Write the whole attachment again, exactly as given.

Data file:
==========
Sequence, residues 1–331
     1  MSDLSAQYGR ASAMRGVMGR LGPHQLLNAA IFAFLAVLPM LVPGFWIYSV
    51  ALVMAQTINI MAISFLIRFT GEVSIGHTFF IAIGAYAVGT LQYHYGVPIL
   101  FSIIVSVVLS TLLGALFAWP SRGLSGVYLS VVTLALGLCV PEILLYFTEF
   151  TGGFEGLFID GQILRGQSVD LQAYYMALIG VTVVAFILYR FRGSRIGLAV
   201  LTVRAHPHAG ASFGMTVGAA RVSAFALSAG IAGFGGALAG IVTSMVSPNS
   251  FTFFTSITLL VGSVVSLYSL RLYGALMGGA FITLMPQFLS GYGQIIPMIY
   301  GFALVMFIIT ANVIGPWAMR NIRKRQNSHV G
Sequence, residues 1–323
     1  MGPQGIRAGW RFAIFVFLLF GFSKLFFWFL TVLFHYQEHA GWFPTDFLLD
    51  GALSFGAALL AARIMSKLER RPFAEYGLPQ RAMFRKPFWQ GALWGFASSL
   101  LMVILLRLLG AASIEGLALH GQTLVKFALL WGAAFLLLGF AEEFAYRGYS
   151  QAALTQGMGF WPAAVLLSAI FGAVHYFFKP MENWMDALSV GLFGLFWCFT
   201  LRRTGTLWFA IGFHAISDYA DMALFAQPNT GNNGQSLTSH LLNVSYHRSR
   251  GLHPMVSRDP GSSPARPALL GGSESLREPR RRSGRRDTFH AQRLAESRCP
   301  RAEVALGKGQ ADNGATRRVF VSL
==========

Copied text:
Sequence, residues 1–331
     1  MSDLSAQYGR ASAMRGVMGR LGPHQLLNAA IFAFLAVLPM LVPGFWIYSV
    51  ALVMAQTINI MAISFLIRFT GEVSIGHTFF IAIGAYAVGT LQYHYGVPIL
   101  FSIIVSVVLS TLLGALFAWP SRGLSGVYLS VVTLALGLCV PEILLYFTEF
   151  TGGFEGLFID GQILRGQSVD LQAYYMALIG VTVVAFILYR FRGSRIGLAV
   201  LTVRAHPHAG ASFGMTVGAA RVSAFALSAG IAGFGGALAG IVTSMVSPNS
   251  FTFFTSITLL VGSVVSLYSL RLYGALMGGA FITLMPQFLS GYGQIIPMIY
   301  GFALVMFIIT ANVIGPWAMR NIRKRQNSHV G
Sequence, residues 1–323
     1  MGPQGIRAGW RFAIFVFLLF GFSKLFFWFL TVLFHYQEHA GWFPTDFLLD
    51  GALSFGAALL AARIMSKLER RPFAEYGLPQ RAMFRKPFWQ GALWGFASSL
   101  LMVILLRLLG AASIEGLALH GQTLVKFALL WGAAFLLLGF AEEFAYRGYS
   151  QAALTQGMGF WPAAVLLSAI FGAVHYFFKP MENWMDALSV GLFGLFWCFT
   201  LRRTGTLWFA IGFHAISDYA DMALFAQPNT GNNGQSLTSH LLNVSYHRSR
   251  GLHPMVSRDP GSSPARPALL GGSESLREPR RRSGRRDTFH AQRLAESRCP
   301  RAEVALGKGQ ADNGATRRVF VSL